USB-C is a great new connector, but has been somewhat slow in its inevitable march to becoming the default option. But now a range of new products from laptops to phones use USB-C, so there are a handful of accessories sporting the new plug. So what different options are there, and how much do they cost?
But first, a quick re-cap, as there are a few USB-C options. USB 3.0 spec can handle up to 5Gbps transfer speeds, but can also be named USB 3.1 Gen 1. The next step up is USB 3.0 Gen 2, which is also often called USB 3.1, can handle 10 Gbps transfer speeds.
Technically USB 3.1 Gen 1 and Gen 2 are the correct names, but mostly manufacturers just call it USB 3.1, and give the speed rating. For now, most USB-C products use the 5Gbps spec anyway, so it’s not too much of an issue.
USB-C promises all sorts of enhancements in the future, such as having enough bandwidth for external GPUs. But right now, there are a few main types of accessories available. Most of them revolve around giving more ports to MacBook users, but other options such as flash storage are also getting on board with the new connector.
One interesting aspect we noticed when getting hands on with various USB-C accessories, is that many of them have quite sharp edges. This might seem like an odd complaint, but when it’s necessary to carry the adapters with you, they can very easily scratch up expensive electronics.
Thanks to the Apple Macbook using USB-C as it’s one and only connector, there are loads of expansion docks available. The Promate macHub-12 takes that USB-C port and expands it into three normal Type-A connections, along with a SD card (micro and full size) reader - all rated at 5Gbps.
The macHub-12 also has a USB-C connection that can handle pass through charging. The device is designed for use with a MacBook, and mimics the thickness and feel, so won’t be much use on other laptops. It’s available online for under $80.
It’s pretty hard to have too many USB ports (especially on modern slim laptops), so a USB Hub often comes in handy. The Belkin option turns a single USB-C connection into four ports - dual USB-C and USB-A.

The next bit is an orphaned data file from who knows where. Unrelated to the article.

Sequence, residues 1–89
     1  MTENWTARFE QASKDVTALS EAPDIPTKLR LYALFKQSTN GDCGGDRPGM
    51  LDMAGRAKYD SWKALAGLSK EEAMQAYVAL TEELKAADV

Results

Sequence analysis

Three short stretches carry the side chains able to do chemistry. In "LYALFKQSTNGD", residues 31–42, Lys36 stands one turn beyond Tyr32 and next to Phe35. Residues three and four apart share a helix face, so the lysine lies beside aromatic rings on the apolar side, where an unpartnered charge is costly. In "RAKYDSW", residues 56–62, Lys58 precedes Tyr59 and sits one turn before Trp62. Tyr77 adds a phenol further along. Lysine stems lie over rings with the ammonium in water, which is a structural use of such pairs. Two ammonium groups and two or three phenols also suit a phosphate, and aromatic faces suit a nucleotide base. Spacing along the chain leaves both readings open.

This makes it easy to plug in older USB devices, as well as have a extra ports for newer connections. It’s worth noting that the Belkin Hub is not powered, and can’t pass through electricity for charging. Belkin sell the hub for $75.
USB-C is very versatile, and can also be used to provide a video output. The downside is that not all USB-C equipped devices actually support video out. That said, there is a growing range of devices, from the MacBook through to tablets and motherboards that can all handle video via USB.
Of course, to do anything with that video needs an adapter of some sort. For example, Jaycar have a range of USB-C adapters for $60 that convert to HDMI, DVI or even VGA.
Most new ultra slim laptops don’t have Ethernet ports - instead relying on Wi-Fi. In many circumstances, a wired connection can be faster and more reliable, and USB to Ethernet adaptors are readily available. These are especially handy when travelling - many hotels have sketchy Wi-Fi, but also supply Ethernet connections.
The Comsol USB-C to Ethernet Adapter offers Gigabit speeds, and can be picked up exclusively from Officeworks for $60.
USB-C is an ideal plug for devices such as USB Flash Drives that need to be plugged and unplugged frequently. Various manufacturers offer USB-C flash drives, but more common and useful are dual ended models.
Rather than just having USB-C, many drives also sport a traditional USB-A connection. This allows operation across a range of devices, including direct use with compatible smartphones.
Options include the Sandisk USB Drive Type C, and the Kingston DataTraveler microDuo. Keep in mind that while these drives sport USB-C, the underlying controller and flash means that don’t reach anywhere near the full speed of the USB 3.1 standard.
USB-C is also used on the new Samsung T3 portable SSD. For slower mechanical storage, the Lacie Porsche Design Mobile Drive is also equipped with USB-C.
In an interesting move, Seagate has also equipped a desktop portable HDD with USB-C. The unique part is that unlike most larger drives, the Seagate Innov8 doesn't need external power and can run entirely from USB - a world first. This is made possible thanks to an internal battery, which helps handle high peak power loads. The downside is that the Innov8 won’t be available until later in 2016.
USB Cables and Chargers
It might be tempting to just buy that $2 eBay USB-C cable or charger and be done with it, but there are good reasons not to. USB-C can handle more current than the older standards, and relies on electronics in the cables themselves to help negotiate charge rates. For some dodgy cables (especially USB-C to USB-A), it’s possible for too much current to make it through, frying your device.
Sure, it’s not common, but when talking about hundreds to thousands of dollars worth of laptops and smartphones, it’s worth opting for a quality cable.
Belkin make it easy to stay protected, with a huge range of high quality USB-C cables. It’s not just USB-C to USB-C or USB-A either - Belkin has USB-C to microUSB, miniUSB, USB-B printer cable, micro-B and even Type-A sockets. Prices vary, so check out the full range at Belkin.
For those who don’t mind a little extra bulk in their laptop bag, it’s possible to get larger adapters that cover all the main options.
The Minix NEO C takes a single USB-C connection, and turns it into 2x USB-A, an SD card reader (micro and full size), Gigabit LAN, 4K capable HDMI, and a single USB-C connection. Importantly for MacBook users, it also supports pass through charging.
The Minix NEO C can be found online in Australia for under $100, which makes it good value compared to individual adapters that focus on one area.
What USB-C accessories are you waiting for? Tell us in the comments.